Prophets of your own doom

IFR 2035 31 May to 6 June 2014
6 min read

EUROPEAN CENTRAL BANK technocrats are clearly becoming concerned about the degree of latent risk in the system. In its May Financial Stability Review, the central bank noted that, while progress has been made towards strengthening banks and sovereigns, the hunt for yield is contributing to the build-up of new risks. The “growing search for yield has benefited euro area banks and sovereigns, but could also unearth imbalances should risks be reassessed”, it concluded.

That’s technocrat-speak for “yikes” as potential risks move inexorably closer to what has every appearance of being a credit bubble with a shiny new pin.

We’ve all watched with bemusement as investors, in order to generate any kind of yield kicker – and more latterly to get out of the way of any risks emanating from Russia/Ukraine or the China slowdown – have seen no alternative but to shine the light into some of the darker corners of the financial markets and then to rush headlong into them.

It’s taken them into very low-rated credit – contributing to eurozone high-yield spreads narrowing to levels not seen since October 2007 – long-dated debt, structured debt including corporate and bank hybrids, CLOs/CDOs; covenant-lite loans; distressed debt, and commercial property.

At the same time, investors are passing on traditional protections. To back up this claim, how about this to make your toes curl slightly: close to 20% of US high-yield issuance in the first quarter was high-yield lite ie, carries no debt incurrence or restricted payments covenants, while the quantum of debt outstanding that’s rated B minus or lower now stands at US$403bn.

Choosing between curbing deflation or market over-exuberance is like asking if you’d prefer to die by hanging or shooting

THE TIGHTENING of bond spreads right across the board, including on European peripheral government bonds to pre-sovereign crisis levels, looks heavily overdone. But speak to any investor and they’ll tell you that while they agree that the risk-reward is heavily skewed towards the former, they’re choosing to treat the risks as fairly benign and in any case they have no choice but to bid low or risk missing out if they can’t source paper. In a world of peer benchmarking, that just doesn’t work.

I guess the point here is that while ECB officials are at pains to stress that legacy risks of the global financial crisis are being adequately dealt with by government action around their own balance sheets, by central bank policy and by vast swathes of new regulation, that sense of stability has led to a degree of investor complacency, which they clearly think is dangerous.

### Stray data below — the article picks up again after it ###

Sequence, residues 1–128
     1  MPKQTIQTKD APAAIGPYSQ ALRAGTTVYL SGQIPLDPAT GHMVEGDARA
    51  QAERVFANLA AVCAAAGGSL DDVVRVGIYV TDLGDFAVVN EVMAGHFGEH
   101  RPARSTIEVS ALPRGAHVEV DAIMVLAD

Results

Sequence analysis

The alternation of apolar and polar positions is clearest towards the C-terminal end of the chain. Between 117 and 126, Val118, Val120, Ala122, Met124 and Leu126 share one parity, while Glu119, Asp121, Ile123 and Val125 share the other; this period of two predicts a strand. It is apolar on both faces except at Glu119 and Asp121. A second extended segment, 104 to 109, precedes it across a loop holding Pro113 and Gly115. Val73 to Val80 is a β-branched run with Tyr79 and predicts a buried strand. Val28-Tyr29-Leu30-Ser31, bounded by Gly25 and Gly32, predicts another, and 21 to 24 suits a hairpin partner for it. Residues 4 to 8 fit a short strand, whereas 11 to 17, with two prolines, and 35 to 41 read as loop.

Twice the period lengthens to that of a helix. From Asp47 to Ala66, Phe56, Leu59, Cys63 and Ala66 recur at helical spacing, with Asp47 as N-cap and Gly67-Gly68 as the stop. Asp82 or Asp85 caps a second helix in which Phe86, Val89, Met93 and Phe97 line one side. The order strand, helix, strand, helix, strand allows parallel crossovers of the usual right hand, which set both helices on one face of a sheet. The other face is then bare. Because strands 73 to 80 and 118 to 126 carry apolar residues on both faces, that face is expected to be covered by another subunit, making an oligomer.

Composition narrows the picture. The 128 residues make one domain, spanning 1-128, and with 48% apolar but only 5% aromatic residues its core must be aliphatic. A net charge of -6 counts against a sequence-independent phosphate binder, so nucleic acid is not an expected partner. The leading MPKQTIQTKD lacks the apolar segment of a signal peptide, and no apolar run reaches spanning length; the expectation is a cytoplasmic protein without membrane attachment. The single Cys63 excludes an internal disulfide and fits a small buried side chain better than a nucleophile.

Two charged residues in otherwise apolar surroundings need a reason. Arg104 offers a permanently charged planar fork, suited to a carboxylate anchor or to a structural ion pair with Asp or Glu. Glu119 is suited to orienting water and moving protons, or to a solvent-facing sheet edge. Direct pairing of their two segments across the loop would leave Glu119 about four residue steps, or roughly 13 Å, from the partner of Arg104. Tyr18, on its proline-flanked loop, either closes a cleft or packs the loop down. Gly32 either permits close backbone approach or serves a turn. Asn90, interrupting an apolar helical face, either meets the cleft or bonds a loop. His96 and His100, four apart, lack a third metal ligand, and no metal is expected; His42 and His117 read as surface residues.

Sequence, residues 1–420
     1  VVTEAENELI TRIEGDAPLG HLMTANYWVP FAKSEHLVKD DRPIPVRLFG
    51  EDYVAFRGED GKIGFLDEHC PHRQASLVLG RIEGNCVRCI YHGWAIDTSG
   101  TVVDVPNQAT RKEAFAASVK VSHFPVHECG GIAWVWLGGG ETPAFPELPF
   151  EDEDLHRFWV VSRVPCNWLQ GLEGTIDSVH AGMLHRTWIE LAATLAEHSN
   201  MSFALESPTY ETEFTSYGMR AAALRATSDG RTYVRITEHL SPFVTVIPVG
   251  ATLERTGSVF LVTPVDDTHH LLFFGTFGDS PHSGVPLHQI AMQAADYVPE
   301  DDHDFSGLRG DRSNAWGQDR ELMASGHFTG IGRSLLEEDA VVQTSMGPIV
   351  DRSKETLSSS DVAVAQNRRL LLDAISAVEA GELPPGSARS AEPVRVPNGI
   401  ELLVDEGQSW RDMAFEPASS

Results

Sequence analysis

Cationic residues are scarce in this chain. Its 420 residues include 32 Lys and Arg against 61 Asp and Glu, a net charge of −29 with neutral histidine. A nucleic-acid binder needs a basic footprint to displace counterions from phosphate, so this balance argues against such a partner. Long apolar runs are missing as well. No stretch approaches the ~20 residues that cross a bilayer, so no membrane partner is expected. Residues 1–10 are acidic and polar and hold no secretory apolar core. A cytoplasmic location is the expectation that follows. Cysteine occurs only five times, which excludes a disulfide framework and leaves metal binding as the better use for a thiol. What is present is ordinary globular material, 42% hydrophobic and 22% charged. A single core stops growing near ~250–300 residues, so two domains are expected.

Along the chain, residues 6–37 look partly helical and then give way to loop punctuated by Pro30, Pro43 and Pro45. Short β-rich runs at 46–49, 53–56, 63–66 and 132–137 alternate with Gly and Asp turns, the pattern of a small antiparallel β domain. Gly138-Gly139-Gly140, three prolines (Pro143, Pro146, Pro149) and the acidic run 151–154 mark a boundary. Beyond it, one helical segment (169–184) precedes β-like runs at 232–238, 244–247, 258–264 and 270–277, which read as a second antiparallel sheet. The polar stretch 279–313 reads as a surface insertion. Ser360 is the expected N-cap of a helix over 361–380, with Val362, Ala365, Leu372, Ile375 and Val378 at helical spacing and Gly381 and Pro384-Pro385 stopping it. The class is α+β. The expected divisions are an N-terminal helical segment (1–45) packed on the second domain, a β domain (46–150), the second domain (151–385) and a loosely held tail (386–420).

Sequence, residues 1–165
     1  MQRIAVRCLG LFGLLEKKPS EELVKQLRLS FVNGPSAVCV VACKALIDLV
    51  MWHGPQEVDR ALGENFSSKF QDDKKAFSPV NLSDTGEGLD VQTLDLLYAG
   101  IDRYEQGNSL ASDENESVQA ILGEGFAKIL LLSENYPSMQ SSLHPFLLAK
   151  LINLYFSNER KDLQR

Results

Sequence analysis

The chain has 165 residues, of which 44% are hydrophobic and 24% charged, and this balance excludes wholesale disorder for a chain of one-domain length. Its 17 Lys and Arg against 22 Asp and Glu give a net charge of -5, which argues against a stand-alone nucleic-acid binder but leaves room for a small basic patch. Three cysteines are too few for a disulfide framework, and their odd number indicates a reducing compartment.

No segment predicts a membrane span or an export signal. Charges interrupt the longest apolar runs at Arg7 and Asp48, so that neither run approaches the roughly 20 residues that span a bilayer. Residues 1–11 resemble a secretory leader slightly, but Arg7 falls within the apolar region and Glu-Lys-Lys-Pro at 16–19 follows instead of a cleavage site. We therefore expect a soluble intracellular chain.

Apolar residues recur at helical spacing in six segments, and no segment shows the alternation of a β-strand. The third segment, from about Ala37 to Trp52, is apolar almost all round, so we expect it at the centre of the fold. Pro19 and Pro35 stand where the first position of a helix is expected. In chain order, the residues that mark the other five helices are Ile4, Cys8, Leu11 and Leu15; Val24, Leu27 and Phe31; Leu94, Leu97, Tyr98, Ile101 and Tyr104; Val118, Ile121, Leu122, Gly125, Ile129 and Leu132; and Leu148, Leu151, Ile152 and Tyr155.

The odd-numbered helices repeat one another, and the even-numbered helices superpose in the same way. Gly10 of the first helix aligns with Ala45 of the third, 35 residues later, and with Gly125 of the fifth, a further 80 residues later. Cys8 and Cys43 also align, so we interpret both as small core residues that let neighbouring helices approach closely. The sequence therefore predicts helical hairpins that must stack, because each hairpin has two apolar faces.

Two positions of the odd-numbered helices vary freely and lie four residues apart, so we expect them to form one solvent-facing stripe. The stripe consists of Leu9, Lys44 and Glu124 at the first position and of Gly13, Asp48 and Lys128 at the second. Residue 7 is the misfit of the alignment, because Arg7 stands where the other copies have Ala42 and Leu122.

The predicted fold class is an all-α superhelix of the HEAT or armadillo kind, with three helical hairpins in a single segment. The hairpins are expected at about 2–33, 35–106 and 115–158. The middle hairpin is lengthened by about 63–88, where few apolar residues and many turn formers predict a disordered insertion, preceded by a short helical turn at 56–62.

“New risks are emerging,” the ECB said, “particularly a growing search for yield across regions and market segments, driven by increased investor confidence and some rebalancing of portfolios away from emerging markets, among other factors. As the search for yield intensifies, so do concerns regarding the build-up of imbalances and the possibility of a sharp and disorderly unwinding of recent investment flows.”

The central bank says that some of the capital inflows to eurozone sovereigns and banks “appear to have been based on relative return considerations (eg, dependent on continued emerging market concerns and perceptions of inexpensive euro area assets). Such flows might prove to be fickle absent prospects of strong absolute returns differentiated by underlying country and bank-specific macroeconomic prospects”.

So what are the ECB’s specific concerns? They’re threefold:

• The risk of an “abrupt reversal of the global search for yield, amid pockets of illiquidity and likely asset price misalignments”, which it fears could lead to disorderly adjustment in financial markets thereby making the need for sufficient bank capital buffers and/or hedges to withstand it paramount;

• Weak bank profitability and balance sheet stress in a low inflation and low growth environment;

• The “re-emergence of sovereign debt sustainability concerns, stemming from insufficient common backstops, stalling policy reforms, and a prolonged period of low nominal growth”.

SOUNDS TO ME like the ECB, far from being comfortable with where we’ve got to, has considerable doubt about the robustness of the system. That’s despite the fact that, as it points out, banks have issued €267bn of quoted shares over and above retained earnings, contingent capital issuance and in some cases state aid since the global financial crisis. And since the third quarter of last year, banks have strengthened balance sheets by €95bn.

So what to do about it? There’s the rub. If anything the situation that’s leading to over-exuberance in capital markets could get a lot worse if the ECB’s policy actions include further rate cuts into negative territory, a new LTRO, and/or outright ABS purchases.

The impact of the bank’s moves at its next meeting are uncertain, but I reckon the possibility of banks re-purposing cash held at the ECB into SME lending (short of finalising rules on high-quality securitisation and the Solvency II impacts) are more remote than their predisposition to redirect cash into non-eurozone central banks or (perhaps more likely) plough it into the securities markets.

The experience of quantitative easing to-date is that it’s benefited financial arbitrage over the real economy. Sometimes central banks get themselves into that “damned if you do, damned if you don’t” scenario. Forced to choose between curbing pernicious deflationary tendencies or capping the dangers of credit-market over-exuberance and leaving the one you ignore to spiral out of control is a bit like asking someone if they’d prefer to die by hanging or shooting.